Last summer, Traveling Jewish Theatre nearly closed its doors for good. Fortunately, fans and admirers responded to an emergency fundraising appeal, and the venerable Bay Area theater company survived to fight another day.
To celebrate, TJT opened its 30th season this week with a revival of “The Last Yiddish Poet,” one of its earliest and most acclaimed original works. The play runs through Dec. 14 at TJT’s theater in San Francisco.
Co-written by TJT co-founders Corey Fischer, Albert Greenberg and Naomi Newman, the play had not been produced since 1994. This latest incarnation, directed by Newman, stars Fischer and Aaron Davidman, TJT’s artistic director.
The two portray a Jewish version of Samuel Beckett’s Vladimir and Estragon, two street entertainers inhabiting a miasmic world where the Yiddish language fades like a late-morning dream. Instead of Godot, these two wait for a fabled last Yiddish poet to turn up and save the Mamaloshen — and perhaps Jewish culture itself — from extinction.
Longtime patrons of TJT will recognize the signature hallmarks of the company: fanciful fluid plots, music, puppetry and effusive language. Both Davidman and Fischer sing and play their own instruments (accordion and guitar, respectively), acquitting themselves quite well as singers of Yiddish songs.
Superb artists both, Fischer and Davidman manage to pull off broad physical comedy, Marx Brothers-like repartee and even reading Yiddish poetry aloud with all the musicality it demands.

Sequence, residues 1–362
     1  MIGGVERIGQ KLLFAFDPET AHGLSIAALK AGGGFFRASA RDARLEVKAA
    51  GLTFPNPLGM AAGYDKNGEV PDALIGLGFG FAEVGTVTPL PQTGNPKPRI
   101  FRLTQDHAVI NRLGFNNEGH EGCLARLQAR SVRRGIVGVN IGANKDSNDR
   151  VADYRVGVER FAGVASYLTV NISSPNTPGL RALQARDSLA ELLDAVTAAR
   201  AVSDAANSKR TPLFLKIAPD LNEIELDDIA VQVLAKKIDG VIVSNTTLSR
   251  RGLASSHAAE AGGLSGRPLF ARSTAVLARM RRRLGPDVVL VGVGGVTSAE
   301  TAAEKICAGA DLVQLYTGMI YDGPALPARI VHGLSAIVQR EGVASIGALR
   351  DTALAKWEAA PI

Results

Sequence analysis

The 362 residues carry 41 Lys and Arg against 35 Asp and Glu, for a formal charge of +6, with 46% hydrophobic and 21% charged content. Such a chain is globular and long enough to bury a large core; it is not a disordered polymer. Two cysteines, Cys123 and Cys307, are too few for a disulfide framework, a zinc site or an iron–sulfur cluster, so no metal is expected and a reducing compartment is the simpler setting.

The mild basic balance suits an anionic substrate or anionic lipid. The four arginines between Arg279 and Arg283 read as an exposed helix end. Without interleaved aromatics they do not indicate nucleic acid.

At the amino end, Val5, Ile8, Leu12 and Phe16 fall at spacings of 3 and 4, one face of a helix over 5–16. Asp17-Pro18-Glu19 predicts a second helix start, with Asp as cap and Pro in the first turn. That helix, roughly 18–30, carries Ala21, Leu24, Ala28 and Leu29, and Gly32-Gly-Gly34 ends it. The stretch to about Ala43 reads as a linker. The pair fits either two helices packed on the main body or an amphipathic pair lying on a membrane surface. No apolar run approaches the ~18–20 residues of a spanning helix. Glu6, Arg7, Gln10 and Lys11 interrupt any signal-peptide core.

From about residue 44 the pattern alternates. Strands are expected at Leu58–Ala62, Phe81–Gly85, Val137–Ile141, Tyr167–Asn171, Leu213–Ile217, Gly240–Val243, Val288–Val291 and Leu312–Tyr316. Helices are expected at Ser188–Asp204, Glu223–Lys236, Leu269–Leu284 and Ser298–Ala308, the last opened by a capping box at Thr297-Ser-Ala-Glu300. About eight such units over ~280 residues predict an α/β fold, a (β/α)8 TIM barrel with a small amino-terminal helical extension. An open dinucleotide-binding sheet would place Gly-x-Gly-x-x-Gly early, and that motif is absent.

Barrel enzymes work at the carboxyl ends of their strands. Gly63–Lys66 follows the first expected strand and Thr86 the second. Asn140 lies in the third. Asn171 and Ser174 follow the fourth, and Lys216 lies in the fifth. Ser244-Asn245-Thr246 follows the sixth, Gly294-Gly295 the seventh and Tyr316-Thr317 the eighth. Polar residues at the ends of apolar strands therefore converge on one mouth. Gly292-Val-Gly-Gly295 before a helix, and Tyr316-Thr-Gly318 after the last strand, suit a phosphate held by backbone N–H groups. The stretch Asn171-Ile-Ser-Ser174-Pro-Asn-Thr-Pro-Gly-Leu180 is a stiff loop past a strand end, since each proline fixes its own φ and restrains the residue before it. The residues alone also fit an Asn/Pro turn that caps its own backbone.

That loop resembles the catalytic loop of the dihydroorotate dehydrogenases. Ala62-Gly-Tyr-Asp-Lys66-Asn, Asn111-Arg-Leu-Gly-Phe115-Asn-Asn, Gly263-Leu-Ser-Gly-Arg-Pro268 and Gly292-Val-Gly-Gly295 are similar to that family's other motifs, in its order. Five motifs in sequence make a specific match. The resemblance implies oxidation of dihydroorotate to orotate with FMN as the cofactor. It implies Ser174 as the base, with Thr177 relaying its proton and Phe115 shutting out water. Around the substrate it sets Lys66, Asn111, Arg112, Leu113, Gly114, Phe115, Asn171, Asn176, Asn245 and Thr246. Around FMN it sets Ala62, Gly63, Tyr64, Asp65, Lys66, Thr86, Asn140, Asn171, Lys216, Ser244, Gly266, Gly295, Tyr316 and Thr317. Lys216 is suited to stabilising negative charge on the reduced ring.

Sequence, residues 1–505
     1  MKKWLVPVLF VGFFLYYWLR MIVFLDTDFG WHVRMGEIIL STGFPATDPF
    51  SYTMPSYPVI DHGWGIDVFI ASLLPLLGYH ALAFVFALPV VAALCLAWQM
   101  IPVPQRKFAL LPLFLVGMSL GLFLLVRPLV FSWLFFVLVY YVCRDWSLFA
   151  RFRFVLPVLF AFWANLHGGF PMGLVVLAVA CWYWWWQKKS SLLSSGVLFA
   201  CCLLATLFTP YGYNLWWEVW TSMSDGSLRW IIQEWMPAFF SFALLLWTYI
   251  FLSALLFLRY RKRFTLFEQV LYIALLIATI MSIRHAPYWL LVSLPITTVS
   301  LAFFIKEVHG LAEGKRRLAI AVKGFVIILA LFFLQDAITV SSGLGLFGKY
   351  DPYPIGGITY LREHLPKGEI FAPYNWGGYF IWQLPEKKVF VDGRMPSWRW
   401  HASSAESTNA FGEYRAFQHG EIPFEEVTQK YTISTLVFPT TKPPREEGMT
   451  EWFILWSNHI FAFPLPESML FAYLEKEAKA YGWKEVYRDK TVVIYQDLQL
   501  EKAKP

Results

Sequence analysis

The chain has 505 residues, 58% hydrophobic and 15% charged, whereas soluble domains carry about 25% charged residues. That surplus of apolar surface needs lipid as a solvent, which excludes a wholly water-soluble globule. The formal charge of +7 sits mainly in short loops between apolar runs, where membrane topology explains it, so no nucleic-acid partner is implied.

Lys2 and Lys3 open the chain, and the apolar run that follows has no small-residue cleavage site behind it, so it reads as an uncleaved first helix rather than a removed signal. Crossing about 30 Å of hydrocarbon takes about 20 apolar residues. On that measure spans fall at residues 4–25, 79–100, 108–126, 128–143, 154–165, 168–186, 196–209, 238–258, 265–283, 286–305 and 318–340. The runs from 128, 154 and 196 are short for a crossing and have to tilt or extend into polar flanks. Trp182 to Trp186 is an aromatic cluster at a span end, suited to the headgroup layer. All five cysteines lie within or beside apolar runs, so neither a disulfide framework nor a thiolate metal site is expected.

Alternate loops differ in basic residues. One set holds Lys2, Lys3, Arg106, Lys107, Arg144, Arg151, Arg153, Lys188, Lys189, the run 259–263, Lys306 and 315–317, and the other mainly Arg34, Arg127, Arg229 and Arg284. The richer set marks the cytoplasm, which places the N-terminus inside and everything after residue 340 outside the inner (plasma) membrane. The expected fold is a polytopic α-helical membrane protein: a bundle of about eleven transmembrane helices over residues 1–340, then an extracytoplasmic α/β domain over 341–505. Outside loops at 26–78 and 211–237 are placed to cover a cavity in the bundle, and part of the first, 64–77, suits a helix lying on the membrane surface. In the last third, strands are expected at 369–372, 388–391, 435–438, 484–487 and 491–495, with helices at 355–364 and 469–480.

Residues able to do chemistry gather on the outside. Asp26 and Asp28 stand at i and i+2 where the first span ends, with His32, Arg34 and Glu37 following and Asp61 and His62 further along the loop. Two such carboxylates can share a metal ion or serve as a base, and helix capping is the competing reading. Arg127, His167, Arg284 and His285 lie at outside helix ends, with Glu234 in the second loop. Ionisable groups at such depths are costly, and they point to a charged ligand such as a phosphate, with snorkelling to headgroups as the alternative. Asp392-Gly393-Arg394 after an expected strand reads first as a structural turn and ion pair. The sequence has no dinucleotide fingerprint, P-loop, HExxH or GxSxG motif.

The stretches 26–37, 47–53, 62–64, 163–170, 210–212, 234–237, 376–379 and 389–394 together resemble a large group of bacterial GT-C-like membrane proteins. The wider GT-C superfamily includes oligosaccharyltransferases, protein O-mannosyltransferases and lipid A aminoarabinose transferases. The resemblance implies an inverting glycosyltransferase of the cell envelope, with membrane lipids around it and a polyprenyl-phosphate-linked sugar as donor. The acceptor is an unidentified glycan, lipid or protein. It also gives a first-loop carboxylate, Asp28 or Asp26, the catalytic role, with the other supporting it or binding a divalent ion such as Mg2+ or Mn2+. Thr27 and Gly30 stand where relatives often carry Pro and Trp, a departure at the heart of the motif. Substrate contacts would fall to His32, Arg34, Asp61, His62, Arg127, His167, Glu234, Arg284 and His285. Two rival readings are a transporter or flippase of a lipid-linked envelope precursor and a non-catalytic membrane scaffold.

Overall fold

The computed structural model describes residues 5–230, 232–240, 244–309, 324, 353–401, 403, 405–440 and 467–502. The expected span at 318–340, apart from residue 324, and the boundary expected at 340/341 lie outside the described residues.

The evocative sound of spoken Yiddish — what Fischer’s character calls “the language of domesticity and chance” — is indeed one of the play’s assets. Hearing the language on stage invokes memories of a vanished Yiddish culture that nearly essentially died out.
“The Last Yiddish Poet,” first staged in 1980, was in part a reaction to that dissipating culture. Since then, the famed worldwide Yiddish revival took off and never stopped. Instead of a lament, the play is now much more a celebration of a successful effort to save the vernacular language of the Jews.
Unfortunately, while the two stars’ linguistic pas de deux offers its pleasures, the formlessness of “The Last Yiddish Poet” ultimately prevents audiences from deeply connecting.
The play has no narrative to speak of. Bouncing from a New York café to some nameless shtetl, the two characters as written never develop character. It is never clear what they want to say about the Yiddish language or culture. And a few gloomy minutes about the Holocaust thrown in at the end seem like an effort to inject honest emotion into a play that inherently fails to do so.
Traveling Jewish Theatre has been an aesthetic treasure to the Bay Area. The company richly deserved to be saved, and will no doubt continue to contribute to the cultural life of the local Jewish community and beyond.
But nobody bats 1.000. “The Last Yiddish Poet” is a rare strikeout for a great theater company.
“The Last Yiddish Poet” plays 8 p.m. Thursdays through Sundays through Dec. 14, with 2 p.m. Sunday matinees, at Traveling Jewish Theatre, 470 Florida St., S.F. Tickets: $30-$34. Information: (415) 292-1233 or online at www.atjt.com.